When Rory and his team were benchmarking PMI against other organizations, they realized that it would be useful to standardize the amount of PDUs individuals get for the time they spend on activities. “We’re truly global and dealing with a global audience has challenges,” he said. “That was something we found an important learning: regardless of whether you are sitting in a classroom, giving a presentation or volunteering, we have rewarded you appropriately for the investment of your time.”
As a result, nearly all activities are now credited on the basis of one hour of activity equaling one PDU.
PDU divisions and categories
The old system had 18 different PDU categories – not including the sub-categories. The new system divides PMI PDUs into two broad areas: education and giving back to the profession. This makes it much easier to understand, but there was another reason for the change. “The important thing the division enabled us to do was to ensure that through their recertification cycle, every practitioner had at least some hours in the education area,” Rory said. “That gave us the assurance that everyone would continue to invest in their lifelong learning.”
In the new structure both divisions have 3 categories.
The Education division
Category A: Courses offered by a PMI Registered Education Provider (REP), Chapters or Communities. “Most of these activities are stored in the Continuing Certification Requirements System already,” said Rory, “so all you need to claim them is simply to enter that activity number and demonstrate that you were there if you’re audited.”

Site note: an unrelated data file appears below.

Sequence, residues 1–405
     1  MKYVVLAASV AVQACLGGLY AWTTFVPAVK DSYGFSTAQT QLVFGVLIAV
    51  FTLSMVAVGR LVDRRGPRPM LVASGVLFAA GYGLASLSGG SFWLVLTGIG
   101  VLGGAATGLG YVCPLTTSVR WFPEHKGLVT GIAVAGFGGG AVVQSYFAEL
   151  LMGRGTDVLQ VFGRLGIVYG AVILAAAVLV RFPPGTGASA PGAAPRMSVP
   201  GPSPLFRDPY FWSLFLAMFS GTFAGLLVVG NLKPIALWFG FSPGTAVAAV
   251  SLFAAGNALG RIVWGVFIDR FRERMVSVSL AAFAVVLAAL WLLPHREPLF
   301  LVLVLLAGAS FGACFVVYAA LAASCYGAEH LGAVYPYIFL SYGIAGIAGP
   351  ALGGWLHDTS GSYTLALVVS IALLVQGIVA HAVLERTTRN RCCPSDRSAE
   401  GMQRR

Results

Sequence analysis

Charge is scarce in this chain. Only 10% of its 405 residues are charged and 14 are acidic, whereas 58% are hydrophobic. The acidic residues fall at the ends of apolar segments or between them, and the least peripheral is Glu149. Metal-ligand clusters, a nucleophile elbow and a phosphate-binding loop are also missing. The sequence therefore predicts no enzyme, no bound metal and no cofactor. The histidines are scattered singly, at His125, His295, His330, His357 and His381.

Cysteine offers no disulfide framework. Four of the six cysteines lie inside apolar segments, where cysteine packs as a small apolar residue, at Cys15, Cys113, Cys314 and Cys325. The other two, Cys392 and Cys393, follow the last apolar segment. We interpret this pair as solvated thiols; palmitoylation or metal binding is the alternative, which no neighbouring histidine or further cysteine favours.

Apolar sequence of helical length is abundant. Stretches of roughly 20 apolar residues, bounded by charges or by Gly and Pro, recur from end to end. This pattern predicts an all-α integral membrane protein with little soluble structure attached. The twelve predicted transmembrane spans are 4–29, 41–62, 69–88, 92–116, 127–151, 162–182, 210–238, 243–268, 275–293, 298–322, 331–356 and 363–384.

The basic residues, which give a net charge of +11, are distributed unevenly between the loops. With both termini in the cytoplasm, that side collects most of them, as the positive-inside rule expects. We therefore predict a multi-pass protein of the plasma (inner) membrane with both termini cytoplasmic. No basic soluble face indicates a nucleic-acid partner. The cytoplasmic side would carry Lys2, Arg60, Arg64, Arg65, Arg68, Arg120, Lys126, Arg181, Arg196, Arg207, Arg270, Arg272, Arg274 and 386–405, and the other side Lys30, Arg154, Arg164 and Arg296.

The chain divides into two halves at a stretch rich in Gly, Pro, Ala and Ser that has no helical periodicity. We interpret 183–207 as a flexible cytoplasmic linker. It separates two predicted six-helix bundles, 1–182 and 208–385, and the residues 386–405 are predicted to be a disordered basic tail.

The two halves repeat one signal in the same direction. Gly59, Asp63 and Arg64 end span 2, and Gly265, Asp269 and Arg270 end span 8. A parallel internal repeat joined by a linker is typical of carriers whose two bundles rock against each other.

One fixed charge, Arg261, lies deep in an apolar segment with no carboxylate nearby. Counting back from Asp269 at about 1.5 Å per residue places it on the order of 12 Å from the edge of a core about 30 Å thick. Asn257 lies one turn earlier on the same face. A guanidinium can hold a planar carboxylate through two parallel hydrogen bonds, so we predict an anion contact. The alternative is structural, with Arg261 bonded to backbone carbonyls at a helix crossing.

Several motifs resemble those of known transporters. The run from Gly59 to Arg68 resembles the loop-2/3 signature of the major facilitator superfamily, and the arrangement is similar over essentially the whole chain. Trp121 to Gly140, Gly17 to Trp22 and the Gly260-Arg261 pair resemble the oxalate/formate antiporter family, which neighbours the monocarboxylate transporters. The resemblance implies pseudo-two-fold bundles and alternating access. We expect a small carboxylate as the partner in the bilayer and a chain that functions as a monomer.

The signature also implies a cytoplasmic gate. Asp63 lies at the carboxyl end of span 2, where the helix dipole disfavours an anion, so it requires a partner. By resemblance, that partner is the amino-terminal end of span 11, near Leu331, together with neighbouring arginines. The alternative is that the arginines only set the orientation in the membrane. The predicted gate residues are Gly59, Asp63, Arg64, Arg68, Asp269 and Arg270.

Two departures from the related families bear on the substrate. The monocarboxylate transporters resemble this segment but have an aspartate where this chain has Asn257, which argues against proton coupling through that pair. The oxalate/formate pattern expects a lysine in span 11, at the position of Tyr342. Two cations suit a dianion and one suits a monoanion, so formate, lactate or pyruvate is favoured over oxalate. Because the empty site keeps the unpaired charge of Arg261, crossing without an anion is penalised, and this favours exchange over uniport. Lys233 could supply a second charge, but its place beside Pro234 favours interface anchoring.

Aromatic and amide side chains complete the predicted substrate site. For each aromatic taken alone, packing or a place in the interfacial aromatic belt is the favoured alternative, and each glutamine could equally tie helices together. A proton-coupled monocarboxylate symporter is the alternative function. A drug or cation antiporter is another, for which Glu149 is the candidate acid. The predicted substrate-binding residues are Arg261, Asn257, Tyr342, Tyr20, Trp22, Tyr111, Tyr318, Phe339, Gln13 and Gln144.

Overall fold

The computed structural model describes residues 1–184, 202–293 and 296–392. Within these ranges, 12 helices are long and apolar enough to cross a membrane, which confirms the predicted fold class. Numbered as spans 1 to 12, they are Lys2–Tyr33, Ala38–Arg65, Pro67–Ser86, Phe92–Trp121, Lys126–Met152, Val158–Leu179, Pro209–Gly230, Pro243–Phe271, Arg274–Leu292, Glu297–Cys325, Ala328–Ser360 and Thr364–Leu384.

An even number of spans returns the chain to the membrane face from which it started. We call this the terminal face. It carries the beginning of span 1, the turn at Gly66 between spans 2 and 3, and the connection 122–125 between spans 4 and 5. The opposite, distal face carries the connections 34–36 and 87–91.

Category B: Continuing Education. This covers any training that you undertake at a college, university, or with any other training provider that is not an REP. Training in your workplace counts as Category B too. Rory advises that you keep proof of attendance in case you are audited. “That could be a certificate of completion,” he said.
Category C: Self-directed Learning. “This is really a great place for folks to get learning that you don’t have to go to a classroom,” Rory said. “It captures a lot of the things that I hope certainly that professionals are doing, if not on a daily basis, certainly monthly”. This includes being mentored, webinars, podcasts, reading and so on. You can only claim a maximum of 30 PDUs in this category.
The Giving Back to the Profession division
This division has a maximum of 45 PDUs. Any PDUs earned in the following 3 categories counts towards this cap.
Category D: Creating New Project Management
Knowledge. “This involves creating, developing, expanding
and communicating new project management knowledge or
perhaps augmenting existing knowledge that might be
available in the field,” Rory said. It ranges from
authoring a textbook to giving a presentation at your
Chapter dinner about a topical issue in project
management, and can include writing articles. “At PMI
there are a lot of periodic publications that will publish
a PMPs knowledge pieces,” Rory said.
Category E: Volunteer Service. You don’t have to be a PMI Chapter officer to claim these PDUs. “This can be volunteer service for any project management organization,” explained Rory. “We know there are other project management organizations out there. They do have to be non-profit in order to count, so volunteering for your company isn’t going to count because that could be your job.” Another opportunity to earn PMP PDUs in this category is by providing non-paid project management services to non-profit organizations.
Category F: Working as a Professional in Project Management. This is the only one of the 6 categories where the “1 hour of service equals 1 PDU” rule doesn’t apply. “This is essentially an amount we give for working as a professional project manager,” Rory said. “As on your original application for your certification, we recognize experience as part of the eligibility requirements.” As long as you work a minimum of 6 months within the 12 month period you can claim the PDUs relevant to your credential.